By Sarah Elisabeth Sawyer (Choctaw Nation), Artist in Business Leadership Fellow 2015


A lifelong learner, Bernice Akamine (Native Hawaiian) pursued a career in art later in life than many artists. She chose to raise a family, then return to school. She studied at the University of Hawai’i where she rediscovered art and chose to attend the Natural Resource Management Masters Program at Central Washington University, and the Hawaiian Ohana for Education in the Arts.


Bernice is recognized for her work with waiho’olu’u, Hawaiian natural dyes. She lives and creates her art in Volcano, Hawai’i.


Bernice’s weave grew tighter and tighter. She was beading sculptures for an installation art piece while listening to talk radio and thus absorbing discord from around the globe. What was in her heart and mind came through in what she was creating. When Bernice realized the tension within her, she turned to the ocean and sought its beauty. The brilliant shapes and vivid colors of sea creatures became inspiration for her art installation Hinalua’iko’a.

“Creating community and breaking down barriers through or with my artwork motivates me,” Bernice says, “while being able to connect the past to the present through the use of traditional mo’olelo, story or history, embedded within my contemporary artwork inspires me.”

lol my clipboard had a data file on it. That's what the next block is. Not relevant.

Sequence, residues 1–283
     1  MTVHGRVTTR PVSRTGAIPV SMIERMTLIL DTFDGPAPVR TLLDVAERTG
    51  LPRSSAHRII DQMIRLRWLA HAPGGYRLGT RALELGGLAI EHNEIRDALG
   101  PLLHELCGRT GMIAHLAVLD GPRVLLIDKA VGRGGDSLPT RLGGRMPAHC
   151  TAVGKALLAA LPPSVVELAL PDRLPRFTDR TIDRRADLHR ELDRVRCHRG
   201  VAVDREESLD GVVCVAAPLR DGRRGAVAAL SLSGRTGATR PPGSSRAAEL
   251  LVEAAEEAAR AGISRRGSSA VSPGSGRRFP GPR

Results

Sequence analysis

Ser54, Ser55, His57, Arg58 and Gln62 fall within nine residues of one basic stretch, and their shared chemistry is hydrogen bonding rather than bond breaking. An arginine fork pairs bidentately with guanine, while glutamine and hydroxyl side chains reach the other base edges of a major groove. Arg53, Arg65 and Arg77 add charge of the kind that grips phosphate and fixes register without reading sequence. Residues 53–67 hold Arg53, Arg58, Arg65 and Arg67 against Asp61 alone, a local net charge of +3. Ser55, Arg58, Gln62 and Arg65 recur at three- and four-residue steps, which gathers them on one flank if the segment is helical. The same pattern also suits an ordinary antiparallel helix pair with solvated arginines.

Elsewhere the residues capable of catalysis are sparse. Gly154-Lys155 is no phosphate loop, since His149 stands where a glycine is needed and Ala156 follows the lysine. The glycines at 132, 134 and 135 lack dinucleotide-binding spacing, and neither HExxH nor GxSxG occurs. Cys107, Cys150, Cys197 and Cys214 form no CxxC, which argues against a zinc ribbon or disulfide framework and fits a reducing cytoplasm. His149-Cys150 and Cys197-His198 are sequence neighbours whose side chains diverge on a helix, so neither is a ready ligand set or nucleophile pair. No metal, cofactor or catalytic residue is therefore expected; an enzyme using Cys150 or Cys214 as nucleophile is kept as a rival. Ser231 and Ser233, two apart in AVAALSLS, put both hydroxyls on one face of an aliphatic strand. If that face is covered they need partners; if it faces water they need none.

“Creating community and breaking down barriers through or with my artwork motivates me.”

With support from her First Peoples Fund Cultural Capital fellowship, Bernice is continuing her work to preserve culture through producing a color wheel poster from natural dyes created with material from the island. Appealing as wall art, the color wheel poster will draw from 18 native Hawaiian plants commonly listed in historical records as being traditionally used as waiho’olu’u — dye extracted from plants, sea creatures or earth pigments. The poster is the first of its kind, using only plants indigenous to Hawai’i.

Now that the weather has finally warmed, Bernice is beating the kapa, the bark cloth, that is the foundation of the color wheel. She explains, “Living at a slightly higher elevation where it has been very cool and rainy, it has taken months for the wauke, paper mulberry bast, to ferment.”

Bernice wants the color wheel poster to bring to life historical writings with the vast color possibilities one can achieve through traditional practices.

“While the poster is a tool for the present generation, it also preserves cultural knowledge for generations of Hawaiians should we lose any of the Native Hawaiian dye plants,” she says.

Bernice stands firm in the present to create a link to the past. She does it through art that reaches back into history to pull it forward into modern terms with traditional and conventional art. What is in her heart and mind comes out in what she creates.